November 11, 2015

My favorite IDE

This is an old post, nowadays I use a web IDE.

We all start with something like notepad++ until we start for something more useful.

Various editors exist, Xcode with block scope highlighting (which is CPU intensive) to something like vim, which is ideal for quick editing of config files over SSH.

My first real IDE

My first language was Java, which was taught in BlueJ at my university (if your uni still does this, burn the books! programming is never learned from books, since half of the content is deprecated from the moment they are printed).

My first IDE were Netbeans and Eclipse, since I was programming Java. I switched to the one who supported the best dark theme (that was before I found system wide color inversion, which is available on Windows, OSx and Linux).

Visual Studio

My uni was really into proprietary software and Windows, which made me use Visual Studio.

My experience with and Visual Studio is horrible. I used Ubuntu, and needed to run them in VM, since there was no proper alternative to run VS.

Javascript IDE

When doing js for a class at uni, the recommended Aptana Studio as a Eclipse plugin. This worked, but was just and overkill, why use such a heavy IDE?

My main focus the last year has been Bash, LaTeX and js. For which I searched for a good IDE and tried various. Some people recommended Sublime, but it just wasn’t my thing. I used LightTable for some time, but it had too many flaws which made me search again.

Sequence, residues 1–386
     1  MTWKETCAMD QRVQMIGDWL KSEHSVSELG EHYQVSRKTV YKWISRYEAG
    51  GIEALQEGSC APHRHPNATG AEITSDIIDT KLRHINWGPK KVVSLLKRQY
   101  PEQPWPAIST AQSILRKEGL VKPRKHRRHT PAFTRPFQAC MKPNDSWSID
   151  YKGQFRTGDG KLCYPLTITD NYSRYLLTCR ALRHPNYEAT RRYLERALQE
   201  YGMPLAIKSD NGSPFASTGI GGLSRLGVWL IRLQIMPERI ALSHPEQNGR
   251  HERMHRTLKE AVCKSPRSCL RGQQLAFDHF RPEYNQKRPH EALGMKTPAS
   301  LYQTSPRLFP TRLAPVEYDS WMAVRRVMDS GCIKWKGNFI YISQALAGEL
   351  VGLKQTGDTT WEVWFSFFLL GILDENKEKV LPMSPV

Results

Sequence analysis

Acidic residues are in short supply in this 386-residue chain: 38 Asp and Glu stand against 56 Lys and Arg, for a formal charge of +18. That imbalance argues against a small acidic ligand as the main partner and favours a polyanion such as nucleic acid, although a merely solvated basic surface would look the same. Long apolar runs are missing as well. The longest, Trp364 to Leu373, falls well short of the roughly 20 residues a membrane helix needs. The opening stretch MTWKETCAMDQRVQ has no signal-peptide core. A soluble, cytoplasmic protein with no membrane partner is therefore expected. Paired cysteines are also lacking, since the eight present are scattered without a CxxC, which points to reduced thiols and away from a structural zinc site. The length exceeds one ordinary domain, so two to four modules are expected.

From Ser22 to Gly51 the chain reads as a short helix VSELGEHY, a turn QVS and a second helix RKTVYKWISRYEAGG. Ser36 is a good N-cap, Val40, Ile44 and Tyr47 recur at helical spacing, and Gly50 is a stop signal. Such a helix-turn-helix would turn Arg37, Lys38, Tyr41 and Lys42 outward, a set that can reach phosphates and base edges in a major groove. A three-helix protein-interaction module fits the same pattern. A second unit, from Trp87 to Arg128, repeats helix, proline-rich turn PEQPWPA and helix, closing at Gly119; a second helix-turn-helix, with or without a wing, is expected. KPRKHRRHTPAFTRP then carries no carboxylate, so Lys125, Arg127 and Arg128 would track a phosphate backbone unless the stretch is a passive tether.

Currently I use Atom, which I really love! Of course there are some things that I would like to see updated. But with the following packages:

  • markdown-preview-plus
  • language-docker
  • language-latex
  • language-lua
  • language-nginx
  • linter
  • linter-js-standard
  • red-wavy-underline
  • standard-formatter
  • tabs-to-spaces

it is an amazing IDE.

I also disabled some default packages;

  • welcome
  • whitespace (only important in this list)
  • language-csharp
  • language-perl
  • language-clojure
  • language-ruby-on-rails

If you want spell-check to work, you need to do some modifications. See the type of block/scope you want to be checked, place the blinking cursor on it, and press CTRL + SHIFT + ALT + P. Now copy the scope and paste it in the grammar array in config.cson. Which is accessible through: Menu bar (visible by pressing ALT) > Edit > Open Your Config, or by

$ f=$USER/.atom/config.cson && vim $f || xdg-open $f

and the most easy is to just paste it in: Menu bar > Preferences > Packages > type ‘spell-check’, ENTER > Settings (of that package) > Grammars.

My current entry in this box:


Blog by